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16 of 16 people found the following review helpful
on 23 February 2003
Let me start by saying I'm a fan of almost all of Patrick Gale's books.
This is one of Gale's earlier books. Anyone who is a fan will recognise the tell-tale signs of a Gale book - a middle class genre, a set of usually related characters, some of whom are not sympathetic, a storyline which often has a gently cheesy feel, and an ability to be horrible to characters, regardless of whether we like them. There is not always a happy ending, or even a neat one. What characterizes all books by Patrick Gale, and this one is no exception, is that the effect lasts longer than the first read. I am always left with a feeling of warmth, and a desire to know more.
I read this one over nine years ago, and like to return from time to time. The central mystery is of what happened to clever, introverted Robin, who ran away to a monastery, but years later comes back to disturb the lives of his friends and family in Clapham. These characters are living their own, largely self satisfied (or settled) lives, each with their own secrets, private jealousies and guilt about the past. The feel of a Patrick Gale book is always light, but if you give it time, it will catch up with you. The comedy and tragedy emerges from the mystery of which one of them was responsible for whatever made Robin run away.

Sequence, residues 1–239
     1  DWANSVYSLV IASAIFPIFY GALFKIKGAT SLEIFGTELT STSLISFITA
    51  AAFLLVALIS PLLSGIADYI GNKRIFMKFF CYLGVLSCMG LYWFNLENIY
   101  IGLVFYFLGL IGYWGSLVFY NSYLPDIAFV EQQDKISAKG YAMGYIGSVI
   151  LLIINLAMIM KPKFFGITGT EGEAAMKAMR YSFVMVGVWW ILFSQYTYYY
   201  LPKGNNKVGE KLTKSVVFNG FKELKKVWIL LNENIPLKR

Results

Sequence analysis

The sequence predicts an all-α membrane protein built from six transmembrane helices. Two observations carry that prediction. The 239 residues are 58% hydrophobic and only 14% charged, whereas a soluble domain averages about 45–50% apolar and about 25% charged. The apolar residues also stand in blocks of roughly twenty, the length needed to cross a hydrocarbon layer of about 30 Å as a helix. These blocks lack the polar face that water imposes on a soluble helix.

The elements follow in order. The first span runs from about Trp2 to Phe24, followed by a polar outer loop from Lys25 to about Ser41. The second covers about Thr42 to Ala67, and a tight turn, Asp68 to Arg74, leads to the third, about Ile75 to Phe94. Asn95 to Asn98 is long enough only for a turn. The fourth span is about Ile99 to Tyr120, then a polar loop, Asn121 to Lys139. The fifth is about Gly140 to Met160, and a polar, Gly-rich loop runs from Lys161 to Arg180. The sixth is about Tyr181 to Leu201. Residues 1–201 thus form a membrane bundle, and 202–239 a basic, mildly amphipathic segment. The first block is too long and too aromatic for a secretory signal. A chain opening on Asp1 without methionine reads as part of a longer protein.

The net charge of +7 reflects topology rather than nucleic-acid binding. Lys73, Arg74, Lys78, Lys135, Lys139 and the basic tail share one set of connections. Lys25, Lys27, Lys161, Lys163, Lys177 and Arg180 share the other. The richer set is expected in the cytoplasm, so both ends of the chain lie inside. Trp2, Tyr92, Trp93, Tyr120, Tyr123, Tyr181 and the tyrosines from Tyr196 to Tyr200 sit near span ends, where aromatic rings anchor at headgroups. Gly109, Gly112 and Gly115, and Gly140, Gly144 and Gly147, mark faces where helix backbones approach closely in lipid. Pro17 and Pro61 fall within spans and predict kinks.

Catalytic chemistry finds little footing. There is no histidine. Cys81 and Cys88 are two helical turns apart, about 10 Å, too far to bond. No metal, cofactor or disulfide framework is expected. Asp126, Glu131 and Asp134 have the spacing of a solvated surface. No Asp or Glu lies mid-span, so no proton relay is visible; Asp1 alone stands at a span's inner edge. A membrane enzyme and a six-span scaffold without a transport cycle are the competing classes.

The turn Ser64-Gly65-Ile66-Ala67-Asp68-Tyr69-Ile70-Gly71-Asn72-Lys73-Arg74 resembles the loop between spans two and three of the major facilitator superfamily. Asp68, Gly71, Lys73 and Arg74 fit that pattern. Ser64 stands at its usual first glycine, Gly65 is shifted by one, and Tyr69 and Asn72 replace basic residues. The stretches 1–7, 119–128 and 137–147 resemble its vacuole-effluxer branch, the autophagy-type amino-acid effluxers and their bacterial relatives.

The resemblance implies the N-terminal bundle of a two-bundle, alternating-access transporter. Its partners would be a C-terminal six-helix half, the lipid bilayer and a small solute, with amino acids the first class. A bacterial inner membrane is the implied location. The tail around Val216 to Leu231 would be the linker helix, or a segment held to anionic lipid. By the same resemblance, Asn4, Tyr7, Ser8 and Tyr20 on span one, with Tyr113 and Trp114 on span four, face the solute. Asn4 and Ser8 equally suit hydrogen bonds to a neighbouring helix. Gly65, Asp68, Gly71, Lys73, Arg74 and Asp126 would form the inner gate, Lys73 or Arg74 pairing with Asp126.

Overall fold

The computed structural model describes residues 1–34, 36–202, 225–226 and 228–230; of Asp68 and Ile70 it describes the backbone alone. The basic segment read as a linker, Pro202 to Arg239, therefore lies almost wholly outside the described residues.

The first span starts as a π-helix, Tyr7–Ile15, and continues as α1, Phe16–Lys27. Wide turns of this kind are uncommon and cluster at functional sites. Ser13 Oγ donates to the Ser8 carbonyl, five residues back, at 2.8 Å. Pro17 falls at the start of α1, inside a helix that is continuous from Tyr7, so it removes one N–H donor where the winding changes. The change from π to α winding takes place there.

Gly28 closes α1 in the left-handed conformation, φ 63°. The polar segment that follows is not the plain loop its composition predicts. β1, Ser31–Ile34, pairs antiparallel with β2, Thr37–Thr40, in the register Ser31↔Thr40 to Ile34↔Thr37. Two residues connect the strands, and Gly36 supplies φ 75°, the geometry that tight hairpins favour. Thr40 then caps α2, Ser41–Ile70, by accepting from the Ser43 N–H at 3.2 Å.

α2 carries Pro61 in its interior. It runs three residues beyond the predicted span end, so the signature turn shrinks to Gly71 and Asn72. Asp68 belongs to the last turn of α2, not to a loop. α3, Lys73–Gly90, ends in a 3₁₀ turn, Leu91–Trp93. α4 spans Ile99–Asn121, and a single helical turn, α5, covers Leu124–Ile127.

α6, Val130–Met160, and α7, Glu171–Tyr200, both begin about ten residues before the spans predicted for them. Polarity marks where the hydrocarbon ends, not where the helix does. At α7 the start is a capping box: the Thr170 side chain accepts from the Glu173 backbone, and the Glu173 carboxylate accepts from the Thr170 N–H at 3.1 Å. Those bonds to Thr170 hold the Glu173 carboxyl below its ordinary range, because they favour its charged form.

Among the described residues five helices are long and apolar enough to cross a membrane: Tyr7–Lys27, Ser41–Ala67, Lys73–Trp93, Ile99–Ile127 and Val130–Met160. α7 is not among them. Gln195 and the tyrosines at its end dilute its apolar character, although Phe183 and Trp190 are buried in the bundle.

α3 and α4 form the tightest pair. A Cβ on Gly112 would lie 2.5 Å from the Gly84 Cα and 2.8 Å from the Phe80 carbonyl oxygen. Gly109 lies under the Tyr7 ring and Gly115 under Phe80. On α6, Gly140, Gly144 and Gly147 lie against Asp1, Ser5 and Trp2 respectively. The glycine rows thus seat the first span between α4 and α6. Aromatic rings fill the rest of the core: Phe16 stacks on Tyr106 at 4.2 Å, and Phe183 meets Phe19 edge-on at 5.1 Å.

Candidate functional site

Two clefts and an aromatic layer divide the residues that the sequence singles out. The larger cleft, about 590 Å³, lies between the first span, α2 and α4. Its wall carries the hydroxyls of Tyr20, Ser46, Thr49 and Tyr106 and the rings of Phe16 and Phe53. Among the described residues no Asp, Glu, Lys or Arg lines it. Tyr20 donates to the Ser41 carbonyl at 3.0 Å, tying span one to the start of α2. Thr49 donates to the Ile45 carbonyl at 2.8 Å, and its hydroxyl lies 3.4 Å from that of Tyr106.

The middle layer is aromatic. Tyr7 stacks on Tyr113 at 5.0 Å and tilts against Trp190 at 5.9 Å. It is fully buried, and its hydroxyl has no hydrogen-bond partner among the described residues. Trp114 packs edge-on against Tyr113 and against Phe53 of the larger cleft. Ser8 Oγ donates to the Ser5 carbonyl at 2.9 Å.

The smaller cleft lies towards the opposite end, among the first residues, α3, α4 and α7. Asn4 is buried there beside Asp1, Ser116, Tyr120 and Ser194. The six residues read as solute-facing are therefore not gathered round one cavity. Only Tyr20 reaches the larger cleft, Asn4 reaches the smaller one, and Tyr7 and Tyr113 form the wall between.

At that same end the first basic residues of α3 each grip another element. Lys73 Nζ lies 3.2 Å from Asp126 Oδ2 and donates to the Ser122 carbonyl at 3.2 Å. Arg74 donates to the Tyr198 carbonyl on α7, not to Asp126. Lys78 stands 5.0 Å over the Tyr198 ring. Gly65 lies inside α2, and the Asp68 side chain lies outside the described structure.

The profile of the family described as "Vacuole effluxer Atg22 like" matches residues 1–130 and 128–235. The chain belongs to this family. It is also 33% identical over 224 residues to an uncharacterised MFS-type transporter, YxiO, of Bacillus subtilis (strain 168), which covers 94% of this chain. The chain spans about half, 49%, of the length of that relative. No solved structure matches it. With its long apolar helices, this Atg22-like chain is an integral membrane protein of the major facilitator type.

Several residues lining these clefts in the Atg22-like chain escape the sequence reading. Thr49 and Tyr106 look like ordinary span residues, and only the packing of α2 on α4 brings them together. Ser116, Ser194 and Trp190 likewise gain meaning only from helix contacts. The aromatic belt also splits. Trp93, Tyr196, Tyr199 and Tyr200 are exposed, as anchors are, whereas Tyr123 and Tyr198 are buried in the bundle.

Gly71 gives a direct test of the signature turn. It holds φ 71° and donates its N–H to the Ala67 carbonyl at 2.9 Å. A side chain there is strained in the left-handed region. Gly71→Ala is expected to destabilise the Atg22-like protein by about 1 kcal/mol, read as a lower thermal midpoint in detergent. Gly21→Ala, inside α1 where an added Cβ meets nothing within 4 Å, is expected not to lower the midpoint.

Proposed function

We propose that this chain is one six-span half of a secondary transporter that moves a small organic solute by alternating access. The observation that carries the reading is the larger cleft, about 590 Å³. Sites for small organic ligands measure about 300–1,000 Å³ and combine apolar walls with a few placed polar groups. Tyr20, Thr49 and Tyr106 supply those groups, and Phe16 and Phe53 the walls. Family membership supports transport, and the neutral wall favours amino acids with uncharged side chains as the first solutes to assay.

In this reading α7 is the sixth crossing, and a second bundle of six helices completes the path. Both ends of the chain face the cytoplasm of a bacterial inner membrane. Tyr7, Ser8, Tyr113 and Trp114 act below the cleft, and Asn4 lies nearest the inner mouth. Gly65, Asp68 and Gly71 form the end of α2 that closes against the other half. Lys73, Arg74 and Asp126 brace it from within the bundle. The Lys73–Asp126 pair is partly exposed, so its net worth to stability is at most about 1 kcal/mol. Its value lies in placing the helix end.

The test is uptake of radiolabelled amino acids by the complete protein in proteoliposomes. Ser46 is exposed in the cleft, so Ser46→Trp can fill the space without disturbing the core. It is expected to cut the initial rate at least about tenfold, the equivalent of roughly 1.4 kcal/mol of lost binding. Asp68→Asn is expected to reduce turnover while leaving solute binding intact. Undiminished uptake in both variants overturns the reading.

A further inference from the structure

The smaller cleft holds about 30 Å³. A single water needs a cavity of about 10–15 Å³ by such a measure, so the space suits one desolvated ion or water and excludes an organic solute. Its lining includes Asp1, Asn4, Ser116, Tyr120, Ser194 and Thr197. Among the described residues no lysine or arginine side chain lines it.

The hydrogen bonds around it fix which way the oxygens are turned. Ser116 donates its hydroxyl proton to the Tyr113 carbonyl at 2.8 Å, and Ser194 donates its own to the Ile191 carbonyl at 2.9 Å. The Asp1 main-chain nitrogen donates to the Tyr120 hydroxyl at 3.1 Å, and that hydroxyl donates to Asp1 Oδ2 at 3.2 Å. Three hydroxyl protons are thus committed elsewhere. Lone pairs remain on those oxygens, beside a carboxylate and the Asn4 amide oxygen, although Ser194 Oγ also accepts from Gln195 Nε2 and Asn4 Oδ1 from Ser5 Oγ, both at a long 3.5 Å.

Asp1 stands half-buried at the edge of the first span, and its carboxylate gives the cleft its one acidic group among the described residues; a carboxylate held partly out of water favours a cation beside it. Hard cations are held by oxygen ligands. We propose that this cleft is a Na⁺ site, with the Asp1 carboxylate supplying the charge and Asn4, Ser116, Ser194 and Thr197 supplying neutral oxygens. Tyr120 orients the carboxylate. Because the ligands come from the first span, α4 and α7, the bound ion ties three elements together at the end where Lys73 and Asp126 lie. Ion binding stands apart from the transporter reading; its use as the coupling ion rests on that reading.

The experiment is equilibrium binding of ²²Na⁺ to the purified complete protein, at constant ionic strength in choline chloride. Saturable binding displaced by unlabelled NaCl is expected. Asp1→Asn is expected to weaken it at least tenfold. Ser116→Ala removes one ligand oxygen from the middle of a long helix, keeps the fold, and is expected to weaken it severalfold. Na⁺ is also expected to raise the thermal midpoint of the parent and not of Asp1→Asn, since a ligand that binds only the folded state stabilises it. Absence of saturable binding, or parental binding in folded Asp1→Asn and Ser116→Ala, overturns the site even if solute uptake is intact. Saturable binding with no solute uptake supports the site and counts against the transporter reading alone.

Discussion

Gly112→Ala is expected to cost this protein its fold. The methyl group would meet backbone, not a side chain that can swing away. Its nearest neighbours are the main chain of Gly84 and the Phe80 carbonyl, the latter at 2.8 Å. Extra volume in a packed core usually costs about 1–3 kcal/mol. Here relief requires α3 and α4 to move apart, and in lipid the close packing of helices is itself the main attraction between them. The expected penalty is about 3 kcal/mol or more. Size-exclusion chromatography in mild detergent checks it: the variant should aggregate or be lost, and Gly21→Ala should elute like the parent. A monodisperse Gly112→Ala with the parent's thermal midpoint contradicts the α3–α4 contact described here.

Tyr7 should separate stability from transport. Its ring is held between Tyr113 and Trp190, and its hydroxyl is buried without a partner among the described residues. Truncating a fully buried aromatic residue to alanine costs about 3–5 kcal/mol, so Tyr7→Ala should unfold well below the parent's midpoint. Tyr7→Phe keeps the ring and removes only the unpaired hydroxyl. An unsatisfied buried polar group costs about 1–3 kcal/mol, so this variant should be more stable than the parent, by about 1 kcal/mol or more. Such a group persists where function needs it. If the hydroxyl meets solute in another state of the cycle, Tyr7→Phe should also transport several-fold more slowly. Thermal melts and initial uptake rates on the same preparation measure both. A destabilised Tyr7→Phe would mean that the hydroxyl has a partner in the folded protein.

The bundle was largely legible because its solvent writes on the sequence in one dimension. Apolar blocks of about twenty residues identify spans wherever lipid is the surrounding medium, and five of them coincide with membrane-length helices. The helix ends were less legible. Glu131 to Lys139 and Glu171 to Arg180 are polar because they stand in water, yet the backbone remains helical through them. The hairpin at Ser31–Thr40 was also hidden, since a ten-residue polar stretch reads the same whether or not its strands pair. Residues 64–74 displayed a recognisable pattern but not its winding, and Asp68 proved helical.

The thing I like about this book is the title, 'Little bits of baby', the reinterpretation of a Nina Simone record by the precocious child Iras. It reflects what happens in the book, and the sometimes callous events that Gale conjures up.
Anyone looking for a serious exploration of mental illness, mixed race relationships, disability, gayness or anything else will be missing the point. Any of these things can be central to the identity of one of Gale's characters, but in most cases they are painted into the background unless they are central to the story or help move it along.